I’ve mapped it out - I use a wedge of some sort an average of 9 times per round with the majority of those uses being the 52 or 58 around the green. An extra wedge won’t matter for those shots - I’m very proficient with the variety of shots needed on the courses that I play.

None of this is taking into account the fact that I’m capable of avoiding my gap - I know that I will have to creat a shot if I’m between 80-90. So I lay up to 75 or 100.

I appreciate MGS urging us to use a stat tracking system very much. I’ve learned a lot about my game through it.

The clubs that you carry need to match your game - not Phil Mickelson’s.

To be clear I am not advocating that anyone follow my set up. I am advocating that you follow some sort of logic beyond this or that “internet guru told me to do this “

I can know all the technique in the world for the 35 yard tight lie flop over a trap and then practice until I’m proficient at it. It doesn’t do me a bit of good though if I never face that shot and it may in fact hurt my game because I’m limited on my practice time and I could have gotten that shot at the expense of working on one that I face far more frequently.

I am saying that I think there’s a lot out there in terms of short game instruction that looks great, sounds great but is functionally irrelevant for most players.


Sent from my iPhone using MyGolfSpy
  • Like 2
  • Love 1

Share this post


Link to post
Share on other sites

When I first started, I had read and followed what Pelz said about gapping so I went 60, 56, 52 then a pitching wedge at 47..  after a few years I kind of looked at my set and found I needed help more on the distance end and that the 60 was costing me more strokes then helping me so I simplified the top end to a 52 & 58 setup.  Testing the Cleveland RTX 4 wedges, I went to 52 & 56 for the wedges.  I primarily use the 56 for about 96% of my shots around the green and the 52 for longer pitches  and full approach shots.  There is no one right answer as others have said.  Also depends of your style of play; if you tend to lean on a bump and run style you may lean towards lower lofts and a high shot to land soft near the hole a higher loft for your wedge.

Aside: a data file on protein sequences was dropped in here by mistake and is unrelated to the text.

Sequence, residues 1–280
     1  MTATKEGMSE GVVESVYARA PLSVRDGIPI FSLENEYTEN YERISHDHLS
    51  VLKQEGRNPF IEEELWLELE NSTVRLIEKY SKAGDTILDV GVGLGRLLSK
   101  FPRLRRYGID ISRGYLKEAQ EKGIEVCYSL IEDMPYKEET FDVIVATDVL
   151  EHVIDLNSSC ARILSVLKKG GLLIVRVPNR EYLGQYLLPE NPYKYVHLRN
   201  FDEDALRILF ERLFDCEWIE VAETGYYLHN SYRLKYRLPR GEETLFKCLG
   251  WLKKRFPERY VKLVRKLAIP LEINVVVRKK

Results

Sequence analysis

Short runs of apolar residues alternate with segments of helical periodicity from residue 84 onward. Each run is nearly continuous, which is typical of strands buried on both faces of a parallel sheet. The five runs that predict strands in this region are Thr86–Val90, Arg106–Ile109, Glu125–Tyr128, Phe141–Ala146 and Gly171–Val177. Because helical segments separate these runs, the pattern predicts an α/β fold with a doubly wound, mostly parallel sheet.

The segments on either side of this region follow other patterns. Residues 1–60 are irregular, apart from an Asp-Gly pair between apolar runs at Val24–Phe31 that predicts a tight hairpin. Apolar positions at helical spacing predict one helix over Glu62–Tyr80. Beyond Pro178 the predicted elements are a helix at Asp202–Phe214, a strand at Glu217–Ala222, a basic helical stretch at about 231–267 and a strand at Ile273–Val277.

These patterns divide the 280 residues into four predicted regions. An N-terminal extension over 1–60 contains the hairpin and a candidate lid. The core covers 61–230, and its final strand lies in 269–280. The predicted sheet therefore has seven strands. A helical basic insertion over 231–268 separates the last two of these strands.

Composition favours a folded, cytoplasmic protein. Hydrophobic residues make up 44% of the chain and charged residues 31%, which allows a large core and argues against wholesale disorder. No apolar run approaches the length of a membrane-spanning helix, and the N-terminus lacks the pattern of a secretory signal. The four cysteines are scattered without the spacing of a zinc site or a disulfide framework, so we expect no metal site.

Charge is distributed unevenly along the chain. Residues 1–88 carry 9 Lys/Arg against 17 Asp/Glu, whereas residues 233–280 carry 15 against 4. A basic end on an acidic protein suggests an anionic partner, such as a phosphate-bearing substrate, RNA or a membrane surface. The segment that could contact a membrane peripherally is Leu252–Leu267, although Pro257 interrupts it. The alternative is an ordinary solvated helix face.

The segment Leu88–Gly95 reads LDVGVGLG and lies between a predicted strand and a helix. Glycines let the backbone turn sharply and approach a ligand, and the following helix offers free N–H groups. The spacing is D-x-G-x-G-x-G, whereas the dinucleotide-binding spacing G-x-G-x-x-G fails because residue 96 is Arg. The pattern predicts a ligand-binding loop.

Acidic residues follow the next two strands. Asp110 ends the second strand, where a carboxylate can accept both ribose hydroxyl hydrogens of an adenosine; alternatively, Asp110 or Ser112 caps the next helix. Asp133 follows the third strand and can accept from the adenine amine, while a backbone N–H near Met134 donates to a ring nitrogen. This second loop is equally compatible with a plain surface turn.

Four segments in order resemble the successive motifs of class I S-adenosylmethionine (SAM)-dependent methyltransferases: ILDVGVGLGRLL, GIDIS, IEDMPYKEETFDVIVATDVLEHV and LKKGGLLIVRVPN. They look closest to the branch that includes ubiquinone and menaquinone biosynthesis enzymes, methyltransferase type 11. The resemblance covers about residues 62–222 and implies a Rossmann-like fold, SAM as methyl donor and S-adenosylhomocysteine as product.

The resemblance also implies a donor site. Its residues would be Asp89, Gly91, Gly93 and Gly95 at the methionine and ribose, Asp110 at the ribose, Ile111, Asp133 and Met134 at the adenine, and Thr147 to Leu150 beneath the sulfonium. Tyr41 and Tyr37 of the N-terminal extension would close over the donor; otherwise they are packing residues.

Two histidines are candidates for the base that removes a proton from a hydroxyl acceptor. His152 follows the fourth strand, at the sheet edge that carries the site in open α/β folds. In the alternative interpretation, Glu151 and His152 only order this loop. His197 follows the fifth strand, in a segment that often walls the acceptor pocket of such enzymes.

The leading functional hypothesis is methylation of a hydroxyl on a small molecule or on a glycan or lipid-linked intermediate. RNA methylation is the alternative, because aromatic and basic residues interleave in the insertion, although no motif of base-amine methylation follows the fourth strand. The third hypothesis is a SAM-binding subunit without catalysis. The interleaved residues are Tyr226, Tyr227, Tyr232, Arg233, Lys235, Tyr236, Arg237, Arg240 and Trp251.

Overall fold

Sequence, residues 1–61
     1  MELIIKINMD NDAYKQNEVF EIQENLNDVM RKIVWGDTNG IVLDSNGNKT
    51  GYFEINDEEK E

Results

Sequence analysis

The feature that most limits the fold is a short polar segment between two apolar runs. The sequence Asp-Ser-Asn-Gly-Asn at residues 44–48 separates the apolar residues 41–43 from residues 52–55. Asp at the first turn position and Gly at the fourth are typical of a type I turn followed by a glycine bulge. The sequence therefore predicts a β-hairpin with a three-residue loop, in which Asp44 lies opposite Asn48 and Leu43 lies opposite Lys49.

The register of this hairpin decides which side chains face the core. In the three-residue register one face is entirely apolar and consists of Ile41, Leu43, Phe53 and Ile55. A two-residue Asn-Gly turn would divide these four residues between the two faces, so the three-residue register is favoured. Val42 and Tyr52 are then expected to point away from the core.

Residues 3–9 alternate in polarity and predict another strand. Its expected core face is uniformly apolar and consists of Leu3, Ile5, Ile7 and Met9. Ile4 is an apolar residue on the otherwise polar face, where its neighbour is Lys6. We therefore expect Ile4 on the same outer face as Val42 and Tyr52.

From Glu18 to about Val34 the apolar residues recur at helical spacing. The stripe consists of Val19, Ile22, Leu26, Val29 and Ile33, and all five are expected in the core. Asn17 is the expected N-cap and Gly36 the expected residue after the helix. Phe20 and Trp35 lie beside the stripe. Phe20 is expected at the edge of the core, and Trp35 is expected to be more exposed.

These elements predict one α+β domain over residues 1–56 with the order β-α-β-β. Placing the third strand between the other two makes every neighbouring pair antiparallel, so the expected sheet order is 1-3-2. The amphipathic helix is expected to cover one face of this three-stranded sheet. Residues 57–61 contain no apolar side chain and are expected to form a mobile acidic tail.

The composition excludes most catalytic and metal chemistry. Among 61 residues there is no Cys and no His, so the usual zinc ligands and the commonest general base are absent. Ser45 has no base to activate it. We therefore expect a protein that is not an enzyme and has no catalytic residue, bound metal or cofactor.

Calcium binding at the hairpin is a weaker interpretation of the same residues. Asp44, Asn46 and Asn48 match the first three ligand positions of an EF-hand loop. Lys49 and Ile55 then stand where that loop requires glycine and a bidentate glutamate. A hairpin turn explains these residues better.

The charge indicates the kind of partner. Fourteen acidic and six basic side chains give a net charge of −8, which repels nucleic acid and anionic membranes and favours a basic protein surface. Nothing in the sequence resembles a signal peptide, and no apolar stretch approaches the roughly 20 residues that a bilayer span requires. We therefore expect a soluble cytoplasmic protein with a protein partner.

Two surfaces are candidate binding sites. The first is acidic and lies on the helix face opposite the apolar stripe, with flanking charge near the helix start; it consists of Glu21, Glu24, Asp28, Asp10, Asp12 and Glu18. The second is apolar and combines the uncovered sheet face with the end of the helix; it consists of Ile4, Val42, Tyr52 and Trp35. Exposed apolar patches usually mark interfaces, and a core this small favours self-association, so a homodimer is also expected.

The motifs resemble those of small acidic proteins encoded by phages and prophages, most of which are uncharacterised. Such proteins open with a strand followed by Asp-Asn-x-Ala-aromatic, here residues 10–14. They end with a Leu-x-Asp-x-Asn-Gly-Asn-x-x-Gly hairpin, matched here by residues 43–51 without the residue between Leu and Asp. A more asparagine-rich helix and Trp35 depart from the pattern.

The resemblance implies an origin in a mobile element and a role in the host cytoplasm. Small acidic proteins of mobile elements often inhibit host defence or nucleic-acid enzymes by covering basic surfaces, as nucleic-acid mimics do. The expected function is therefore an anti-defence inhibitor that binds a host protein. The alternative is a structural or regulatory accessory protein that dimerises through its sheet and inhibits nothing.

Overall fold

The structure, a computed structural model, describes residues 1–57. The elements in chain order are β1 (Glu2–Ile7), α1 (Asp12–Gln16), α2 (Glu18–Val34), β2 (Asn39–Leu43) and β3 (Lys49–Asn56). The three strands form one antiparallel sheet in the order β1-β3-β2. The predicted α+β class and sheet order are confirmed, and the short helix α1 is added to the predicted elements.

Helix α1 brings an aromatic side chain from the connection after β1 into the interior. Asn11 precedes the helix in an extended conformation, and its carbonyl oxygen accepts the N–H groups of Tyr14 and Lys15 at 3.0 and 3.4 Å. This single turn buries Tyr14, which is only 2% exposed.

MDGolfHacker

  • Like 1

Share this post


Link to post
Share on other sites

So I'm at 45, 50, 55, 60. Admittedly, when I was younger and playing my best I went from pitching wedge to 56* and that was it. I'm thinking about an iron change maybe next season if I can swing it or test it, and with it I'm thinking of going back to the three wedge set up instead of 4 to take that super high-lofted wedge out of my bag and get my closer to something simple. Maybe PW from set, 50 and 56, those are my two most used wedges if I'm being honest and would get me back to simpler times. Obviously a lot is going to depend on the gaping with PW and where that'll sit in the set as to whether it's 50/56 52/58 48/54 etc.

Share this post


Link to post
Share on other sites
The swing expedition episode that aired on Monday with Jamie Mulligan imo was pretty good at showing how to use wedges and hit different shots to same distances. 


I watched that episode and it was full of good information. The segment where he talked about 3 swings each club with same “texture” was my favorite.

Share this post


Link to post
Share on other sites

Join the conversation

You can post now and register later. If you have an account, sign in now to post with your account.

Guest
Reply to this topic...

×   Pasted as rich text.   Paste as plain text instead

  Only 75 emoji are allowed.

×   Your link has been automatically embedded.   Display as a link instead

×   Your previous content has been restored.   Clear editor

×   You cannot paste images directly. Upload or insert images from URL.


×
×
  • Create New...